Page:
Because of these lax educational requirements, the real estate industry is increasingly being dominated by part-time agents. Mark McLean, TREB’s President Elect and a Broker Manager at Bosley wrote a great post a couple of years ago where he estimated that roughly 71% of real estate agents were part-time. Since then, the percentage of part-time agents has increased to 78%.

Why are the educational requirements for real estate so low? There are two main reasons for this.

First, there is no strong lobby advocating for higher educational standards for real estate agents. In fact, when higher educational requirements are proposed, the Ontario Real Estate Association lobbies against such changes. In 2005 there was a proposal to ensure real estate agents were regulated in the same way as paralegals, but OREA successfully lobbied to have realtors exempt from this requirement.

The reason the industry actively lobbies for lower educational standards has to do with the way it’s structured. The entire industry (associations, boards and even brokerages) operate a lot like most gyms. Gyms make the majority of their money from the thousands of people who sign up, pay their ongoing monthly fee, but rarely show up to exercise. The entire real estate industry has pretty much the same business model. They don’t care that 78% of their members are part-timers who rarely show up because the associations, boards and in most cases brokerages, earn the same monthly fee off of the part-timers as they do the full timers.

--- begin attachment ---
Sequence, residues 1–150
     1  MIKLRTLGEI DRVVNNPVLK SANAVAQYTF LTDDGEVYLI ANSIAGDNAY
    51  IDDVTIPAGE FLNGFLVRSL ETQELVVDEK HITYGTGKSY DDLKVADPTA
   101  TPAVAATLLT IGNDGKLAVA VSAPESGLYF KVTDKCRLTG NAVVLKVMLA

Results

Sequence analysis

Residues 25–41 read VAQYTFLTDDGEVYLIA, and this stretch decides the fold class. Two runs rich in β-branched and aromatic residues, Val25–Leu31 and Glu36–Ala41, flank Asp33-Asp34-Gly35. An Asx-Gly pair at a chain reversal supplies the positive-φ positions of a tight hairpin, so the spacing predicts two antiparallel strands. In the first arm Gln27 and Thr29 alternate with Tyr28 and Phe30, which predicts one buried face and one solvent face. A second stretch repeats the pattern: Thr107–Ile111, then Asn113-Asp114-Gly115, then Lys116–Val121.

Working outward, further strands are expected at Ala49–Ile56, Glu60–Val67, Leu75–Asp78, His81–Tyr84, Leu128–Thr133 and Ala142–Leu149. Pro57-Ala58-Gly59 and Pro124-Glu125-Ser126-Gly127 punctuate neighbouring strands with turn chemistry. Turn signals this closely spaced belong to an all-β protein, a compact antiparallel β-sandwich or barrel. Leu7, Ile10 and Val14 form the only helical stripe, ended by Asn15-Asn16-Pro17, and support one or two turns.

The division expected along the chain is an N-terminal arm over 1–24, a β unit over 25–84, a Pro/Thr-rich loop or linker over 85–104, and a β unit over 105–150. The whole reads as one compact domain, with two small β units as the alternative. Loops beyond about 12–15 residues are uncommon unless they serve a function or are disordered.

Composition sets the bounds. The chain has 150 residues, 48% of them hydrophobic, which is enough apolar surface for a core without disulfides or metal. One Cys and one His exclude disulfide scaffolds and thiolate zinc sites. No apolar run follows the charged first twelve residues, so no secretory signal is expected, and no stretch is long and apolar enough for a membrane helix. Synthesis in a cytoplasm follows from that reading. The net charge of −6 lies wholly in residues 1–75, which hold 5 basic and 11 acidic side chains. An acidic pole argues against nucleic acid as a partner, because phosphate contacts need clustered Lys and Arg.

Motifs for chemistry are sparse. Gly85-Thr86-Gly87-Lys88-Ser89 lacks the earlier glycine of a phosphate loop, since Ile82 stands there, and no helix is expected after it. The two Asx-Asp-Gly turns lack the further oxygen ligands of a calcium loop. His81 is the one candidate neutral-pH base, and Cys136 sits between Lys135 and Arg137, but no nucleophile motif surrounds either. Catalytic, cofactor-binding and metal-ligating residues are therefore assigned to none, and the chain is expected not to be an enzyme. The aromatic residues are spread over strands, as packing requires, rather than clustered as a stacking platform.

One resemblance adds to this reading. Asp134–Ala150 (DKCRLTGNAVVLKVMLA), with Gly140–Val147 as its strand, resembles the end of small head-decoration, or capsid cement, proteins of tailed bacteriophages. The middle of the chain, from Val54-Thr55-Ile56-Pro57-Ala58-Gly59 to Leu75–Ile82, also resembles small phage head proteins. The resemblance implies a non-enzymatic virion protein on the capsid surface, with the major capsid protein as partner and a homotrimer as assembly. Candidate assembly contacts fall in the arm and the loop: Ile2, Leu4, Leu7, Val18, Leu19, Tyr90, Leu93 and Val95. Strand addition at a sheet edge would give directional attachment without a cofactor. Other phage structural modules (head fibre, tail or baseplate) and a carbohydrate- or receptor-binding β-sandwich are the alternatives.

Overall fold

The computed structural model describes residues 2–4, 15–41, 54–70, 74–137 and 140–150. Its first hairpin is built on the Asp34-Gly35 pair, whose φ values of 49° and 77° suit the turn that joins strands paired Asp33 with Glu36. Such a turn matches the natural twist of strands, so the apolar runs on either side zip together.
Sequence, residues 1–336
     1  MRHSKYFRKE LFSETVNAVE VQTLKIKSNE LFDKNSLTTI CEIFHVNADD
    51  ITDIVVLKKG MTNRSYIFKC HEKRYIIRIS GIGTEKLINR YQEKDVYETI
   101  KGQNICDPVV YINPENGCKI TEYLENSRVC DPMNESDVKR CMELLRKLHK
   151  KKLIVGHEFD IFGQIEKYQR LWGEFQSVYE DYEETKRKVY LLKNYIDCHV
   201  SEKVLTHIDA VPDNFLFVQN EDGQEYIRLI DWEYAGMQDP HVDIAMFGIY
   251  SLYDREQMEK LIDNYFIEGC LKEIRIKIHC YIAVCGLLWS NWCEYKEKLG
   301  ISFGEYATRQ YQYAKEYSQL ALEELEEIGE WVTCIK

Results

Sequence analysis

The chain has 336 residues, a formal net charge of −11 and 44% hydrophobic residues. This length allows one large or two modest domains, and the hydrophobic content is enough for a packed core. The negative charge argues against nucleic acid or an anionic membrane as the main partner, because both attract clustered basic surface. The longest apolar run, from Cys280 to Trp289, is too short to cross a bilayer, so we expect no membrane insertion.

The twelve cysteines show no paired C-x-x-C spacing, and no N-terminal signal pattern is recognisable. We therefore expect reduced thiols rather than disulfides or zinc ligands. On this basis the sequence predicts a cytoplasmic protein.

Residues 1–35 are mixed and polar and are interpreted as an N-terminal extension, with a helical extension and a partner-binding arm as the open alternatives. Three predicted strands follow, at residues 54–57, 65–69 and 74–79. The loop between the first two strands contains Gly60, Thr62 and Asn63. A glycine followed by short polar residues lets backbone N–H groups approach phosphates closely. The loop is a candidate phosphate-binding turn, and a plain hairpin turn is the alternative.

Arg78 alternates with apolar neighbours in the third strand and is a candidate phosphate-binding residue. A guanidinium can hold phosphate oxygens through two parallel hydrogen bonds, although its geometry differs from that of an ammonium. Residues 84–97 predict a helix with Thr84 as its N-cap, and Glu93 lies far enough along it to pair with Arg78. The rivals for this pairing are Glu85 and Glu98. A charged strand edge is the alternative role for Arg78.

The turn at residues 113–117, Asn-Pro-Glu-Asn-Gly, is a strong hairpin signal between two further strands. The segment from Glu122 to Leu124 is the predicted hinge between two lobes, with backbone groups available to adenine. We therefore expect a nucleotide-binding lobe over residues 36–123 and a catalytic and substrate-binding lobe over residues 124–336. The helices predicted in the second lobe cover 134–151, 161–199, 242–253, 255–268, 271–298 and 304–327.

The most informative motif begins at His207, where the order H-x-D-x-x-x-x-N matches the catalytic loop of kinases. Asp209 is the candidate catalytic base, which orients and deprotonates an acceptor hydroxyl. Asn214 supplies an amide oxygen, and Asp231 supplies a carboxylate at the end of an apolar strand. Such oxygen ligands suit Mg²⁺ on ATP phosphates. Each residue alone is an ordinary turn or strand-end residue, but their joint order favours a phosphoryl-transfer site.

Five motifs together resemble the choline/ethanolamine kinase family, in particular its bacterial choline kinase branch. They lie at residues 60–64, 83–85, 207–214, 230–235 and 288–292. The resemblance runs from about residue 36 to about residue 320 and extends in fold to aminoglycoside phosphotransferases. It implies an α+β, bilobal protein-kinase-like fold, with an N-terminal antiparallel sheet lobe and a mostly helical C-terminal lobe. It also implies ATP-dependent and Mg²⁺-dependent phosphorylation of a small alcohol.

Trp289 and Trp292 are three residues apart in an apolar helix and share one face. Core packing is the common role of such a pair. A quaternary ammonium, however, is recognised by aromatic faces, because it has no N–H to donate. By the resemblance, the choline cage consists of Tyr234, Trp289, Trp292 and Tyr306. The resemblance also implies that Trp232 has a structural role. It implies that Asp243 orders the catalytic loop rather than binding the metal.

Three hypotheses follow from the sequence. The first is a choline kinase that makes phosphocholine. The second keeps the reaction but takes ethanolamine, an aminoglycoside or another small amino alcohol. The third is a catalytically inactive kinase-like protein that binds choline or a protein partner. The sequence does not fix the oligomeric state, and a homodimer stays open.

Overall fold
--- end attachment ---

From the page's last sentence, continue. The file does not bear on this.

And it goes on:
Even though the industry is lobbying for lower educational requirements for realtors, why isn’t our province stepping up to push for higher educational requirements for real estate agents to ensure consumers are protected? OREA's lobbying efforts aside, I think the main problem has more to do with Queens Park’s need for new jobs, any way they can get them.

Anyone who read’s David Larock’s Monday Interest Updates knows that Canada’s employment numbers have been propped up by increases in the number of self-employed individuals. There are a number of different professions that can be classified as self-employed but one very big one includes real estate agents. Real estate agents are typically independent contractors and thus, are self-employed individuals.